New Orleans,  News,  Non-fiction

Louisiana to get $1.2 billion in federal flood-control funds; these long-stalled projects could benefit


Advocate staff photo by BILL FEIG — Aerial of the Comite Diversion Canal. Looking west. Mississippi River at top.

WASHINGTON — The federal government will be sending more than $1.2 billion in grant money to pay for flood-control and prevention projects in the state, Gov. John Bel Edwards and U.S. Rep. Garret Graves announced Thursday.

A number of long-stalled U.S. Army Corps of Engineers projects in the state — including the Comite River Diversion Canal, New Orleans-area flood protection projects or parts of the Morganza to the Gulf levee system — could get funded through the massive federal allocation.

Just which projects will be in line for the funds remains unclear. Edwards said in a statement Thursday evening that state officials are waiting for details from the U.S. Department of Housing and Urban Development — the agency handling the grant — on exactly how the dollars can be spent.

The cash comes out of a larger pot of grant money included in a roughly $90 billion disaster-recovery package Congress passed in February primarily to respond to a series of devastating hurricanes and deadly wildfires that pummeled Texas, Florida, California and the U.S. Caribbean territories of the Virgin Islands and Puerto Rico in 2017.

Although the package was largely aimed at disasters last year, Louisiana was also eligible for money to beef up flood defenses in parishes hit with floods in 2016.

The $1.2 billion grant is roughly twice as much money as Louisiana officials initially expected to receive under the program.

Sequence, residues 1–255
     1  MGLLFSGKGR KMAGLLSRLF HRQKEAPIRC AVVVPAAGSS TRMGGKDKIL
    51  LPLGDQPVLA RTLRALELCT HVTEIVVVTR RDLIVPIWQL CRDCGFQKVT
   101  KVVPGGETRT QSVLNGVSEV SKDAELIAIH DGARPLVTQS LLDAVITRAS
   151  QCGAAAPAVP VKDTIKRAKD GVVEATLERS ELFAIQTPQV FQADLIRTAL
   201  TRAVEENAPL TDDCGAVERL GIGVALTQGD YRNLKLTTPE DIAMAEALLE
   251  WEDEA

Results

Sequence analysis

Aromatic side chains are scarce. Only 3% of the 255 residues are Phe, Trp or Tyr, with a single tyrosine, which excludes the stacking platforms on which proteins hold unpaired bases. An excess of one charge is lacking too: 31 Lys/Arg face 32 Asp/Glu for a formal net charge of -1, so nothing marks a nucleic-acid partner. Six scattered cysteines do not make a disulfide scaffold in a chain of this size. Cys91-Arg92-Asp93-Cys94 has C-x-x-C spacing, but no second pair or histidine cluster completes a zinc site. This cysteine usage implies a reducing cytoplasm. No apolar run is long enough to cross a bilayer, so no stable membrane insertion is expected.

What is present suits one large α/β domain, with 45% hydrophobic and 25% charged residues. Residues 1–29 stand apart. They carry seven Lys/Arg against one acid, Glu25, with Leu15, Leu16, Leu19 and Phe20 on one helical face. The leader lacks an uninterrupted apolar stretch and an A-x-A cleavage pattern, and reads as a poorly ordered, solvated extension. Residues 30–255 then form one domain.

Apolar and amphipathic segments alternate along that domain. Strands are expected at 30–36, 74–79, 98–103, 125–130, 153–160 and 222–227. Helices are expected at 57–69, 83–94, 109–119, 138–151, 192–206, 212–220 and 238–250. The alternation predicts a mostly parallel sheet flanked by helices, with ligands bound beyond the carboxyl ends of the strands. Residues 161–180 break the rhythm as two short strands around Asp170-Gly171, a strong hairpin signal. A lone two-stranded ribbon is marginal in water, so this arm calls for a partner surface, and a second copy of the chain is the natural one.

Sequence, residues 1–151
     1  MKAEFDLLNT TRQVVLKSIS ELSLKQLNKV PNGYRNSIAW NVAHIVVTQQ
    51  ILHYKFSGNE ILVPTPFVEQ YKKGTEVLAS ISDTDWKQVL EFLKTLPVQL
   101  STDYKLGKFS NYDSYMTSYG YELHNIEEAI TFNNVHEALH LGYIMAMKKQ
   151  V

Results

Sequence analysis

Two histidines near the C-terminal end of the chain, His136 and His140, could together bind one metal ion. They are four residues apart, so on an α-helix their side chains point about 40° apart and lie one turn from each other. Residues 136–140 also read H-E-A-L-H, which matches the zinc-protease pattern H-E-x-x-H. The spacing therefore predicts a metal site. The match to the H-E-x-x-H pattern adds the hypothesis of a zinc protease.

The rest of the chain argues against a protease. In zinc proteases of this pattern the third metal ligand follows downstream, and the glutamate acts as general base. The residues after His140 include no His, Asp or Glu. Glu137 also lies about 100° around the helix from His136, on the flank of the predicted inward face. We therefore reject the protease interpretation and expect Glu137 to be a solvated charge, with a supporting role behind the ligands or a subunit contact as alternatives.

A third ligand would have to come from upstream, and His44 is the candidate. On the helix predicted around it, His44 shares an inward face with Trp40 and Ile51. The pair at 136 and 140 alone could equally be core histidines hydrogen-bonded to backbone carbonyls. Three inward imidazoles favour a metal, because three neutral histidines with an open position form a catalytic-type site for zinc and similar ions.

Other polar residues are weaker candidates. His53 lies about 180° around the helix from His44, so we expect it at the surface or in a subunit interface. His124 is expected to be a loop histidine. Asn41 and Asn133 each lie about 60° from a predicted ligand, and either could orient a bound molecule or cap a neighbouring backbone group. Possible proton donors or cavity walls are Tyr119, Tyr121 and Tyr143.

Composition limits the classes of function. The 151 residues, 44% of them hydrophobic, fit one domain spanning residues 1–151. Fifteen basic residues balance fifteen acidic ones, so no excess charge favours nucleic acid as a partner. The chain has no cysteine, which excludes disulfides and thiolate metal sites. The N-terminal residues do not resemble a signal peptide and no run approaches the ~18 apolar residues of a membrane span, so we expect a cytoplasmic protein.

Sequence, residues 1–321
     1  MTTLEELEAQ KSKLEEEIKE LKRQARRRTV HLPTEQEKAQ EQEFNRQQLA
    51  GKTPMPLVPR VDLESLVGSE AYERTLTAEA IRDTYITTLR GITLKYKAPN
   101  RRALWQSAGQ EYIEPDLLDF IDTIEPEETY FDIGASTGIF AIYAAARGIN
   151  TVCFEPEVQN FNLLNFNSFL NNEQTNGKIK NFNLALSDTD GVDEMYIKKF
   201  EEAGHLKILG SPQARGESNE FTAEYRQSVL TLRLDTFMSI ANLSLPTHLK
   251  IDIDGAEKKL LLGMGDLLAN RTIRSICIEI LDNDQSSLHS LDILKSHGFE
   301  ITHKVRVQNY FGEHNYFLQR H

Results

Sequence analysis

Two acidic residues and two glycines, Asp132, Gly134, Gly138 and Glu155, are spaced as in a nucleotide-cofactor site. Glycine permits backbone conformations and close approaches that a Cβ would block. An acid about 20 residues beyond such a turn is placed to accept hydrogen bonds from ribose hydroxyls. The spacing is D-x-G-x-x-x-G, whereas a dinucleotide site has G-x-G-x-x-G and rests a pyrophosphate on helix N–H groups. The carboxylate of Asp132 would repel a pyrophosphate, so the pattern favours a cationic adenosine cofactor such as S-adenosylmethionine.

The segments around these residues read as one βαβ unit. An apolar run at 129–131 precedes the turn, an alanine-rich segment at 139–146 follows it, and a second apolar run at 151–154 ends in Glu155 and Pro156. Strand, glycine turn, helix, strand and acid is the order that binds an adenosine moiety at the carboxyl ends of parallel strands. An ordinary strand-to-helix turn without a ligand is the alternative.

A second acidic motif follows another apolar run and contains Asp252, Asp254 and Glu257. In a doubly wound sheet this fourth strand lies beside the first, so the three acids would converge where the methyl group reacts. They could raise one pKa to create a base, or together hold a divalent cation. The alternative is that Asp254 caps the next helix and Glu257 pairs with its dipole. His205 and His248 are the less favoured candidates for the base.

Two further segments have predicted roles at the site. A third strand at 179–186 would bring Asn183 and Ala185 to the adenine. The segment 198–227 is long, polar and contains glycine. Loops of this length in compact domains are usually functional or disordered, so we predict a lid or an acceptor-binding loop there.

“This new investment from HUD is critically important to our rebuilding efforts,” Edwards said. “It will allow us to make investments in flood risk reduction and infrastructure projects in areas of our state that were devastated by the 2016 floods, including partnering with the Army Corps of Engineers to make investments in large-scale projects such as the Comite River Diversion Canal.”

Graves, a Baton Rouge Republican, said in a phone interview Thursday evening that the block-grant funding from HUD provides Louisiana considerable flexibility to decide which projects to invest in and frees the state to move on Corps projects that have sat stalled for years.

Efforts to clear debris from bayous and ditches in flood-hit parishes could also receive funding under the HUD grant, Graves said.

“These resources will be used as part of an overall solution for Comite (River Diversion Canal) — a solution that will include Army Corps of Engineers funding — but will also give Louisiana flexibility to directly take the lead on implementing and completing projects instead of being held hostage by the bureaucracy of the Corps,” Graves said in a statement.

The Corps is also expected to budget additional money for flood-control work in Louisiana in the coming months.

Congress sent the Corps roughly $12.5 billion for flood protection projects in states hit by recent disasters as part of the February disaster package and also included hundreds of millions in extra funding for the Corps in the recently passed federal budget.